We will interrupt our series of articles on ‘The Trouble with Innovation’ and begin to weave in between those conversations, a more fundamental argument to help enlighten the debate and understanding around the differences between ‘Monetary Economics’ and ‘Real Economics’.
This will be a layman’s guide to understanding the differences and principles of Monetary Economics. We realise that in casual conversations with finance and business professionals, there is a basic misunderstanding of what Monetary Economics is and how it impacts on the broader or ‘Real Economy’.
Our quick and ready definition of Monetary Economics is this: Money and currency is only a temporary measure of value.
More sophisticated definitions include the Wikipedia definition as: “Monetary economics is a branch of economics that historically prefigured and remains integrally linked to macroeconomics. It provides a framework for analyzing money in its functions as a medium of exchange, store of value, and unit of account.”
Another definition is: “An economic theory, the proponents of which argue that economic variations, such as changes in prices and output, are primarily the result of changes in the money supply. (Thus, the Federal Reserve Board is the most important economic policymaker in the country.) Proponents of monetarism believe that changes in the money supply precede changes in other economic variables, including stock prices, and that a rational policy calls for moderate, steady increases in the money supply.” (See the link monetarism).
Now we can get bogged down in definitions and we realise the dangers of always taking the top two or three definitions offered by Google search at face value.
An example of a textbook definition of monetarism is: “a range of views which emphasise the role of money in the operation of the economy system”. At this point we need to mention that it is a contrast to Keynesian economics, which is being applied in various degrees in most Western governments at the moment, in order to support the Economic System as a whole.
However, Michael Foot, an ex Labour Opposition leader in 1983 made unhelpful comments such as: “monetarism is a worldwide disease” (The Economics of Taxation, Prentice Hall, 7th Edition, we linked to the 9th Edition).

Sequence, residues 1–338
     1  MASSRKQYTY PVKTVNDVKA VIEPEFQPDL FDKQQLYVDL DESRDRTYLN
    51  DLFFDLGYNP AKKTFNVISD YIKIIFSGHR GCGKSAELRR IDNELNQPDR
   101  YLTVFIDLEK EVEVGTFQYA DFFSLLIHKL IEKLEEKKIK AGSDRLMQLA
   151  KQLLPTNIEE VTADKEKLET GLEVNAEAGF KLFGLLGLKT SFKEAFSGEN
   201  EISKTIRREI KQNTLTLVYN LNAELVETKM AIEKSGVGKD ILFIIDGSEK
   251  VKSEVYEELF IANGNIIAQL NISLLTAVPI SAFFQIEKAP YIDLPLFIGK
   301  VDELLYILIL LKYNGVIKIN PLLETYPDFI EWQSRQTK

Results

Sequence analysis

Turning to an analysis of the Wikipedia definition we focus on the key phrases of ‘measure of value’, ‘store of value’ and ‘unit of account’.
Nowhere in this definition does it mention measurement of output or production, the key building block of the real economy.
Therefore, we conclude this first introductory article by making the clear distinction between money as a measurement tool and unit of account and real output or production being the building blocks of economic activity.
In the next instalment of this article we will define output, activity and production and then start making the stark contrasts between what monetary and real economics really are.
Let’s get the basics of economic language right and move on towards a better appreciation and understanding of the intricacies and interplays of economic discourse and activity.
- Why the Fed Is a Criminal Organization (lewrockwell.com)
- Our Lessons from 2011 (themarketsoul.com)
- Irony and Downgrade Anger (themarketsoul.com)
- The Politics of Market Monetarism (forbes.com)
- Letter: Major monetary, economic problems ahead without short-term, do-something Congress (tcpalm.com)
- Click Here for My Featured Chart (bestfloridamortgage.wordpress.com)
- More quantitative easing likely after fall in money supply (guardian.co.uk)
- Federal Reserve Board Names Jon Faust Special Adviser (blogs.wsj.com)
- Ron Paul’s economic views aren’t completely off base (csmonitor.com)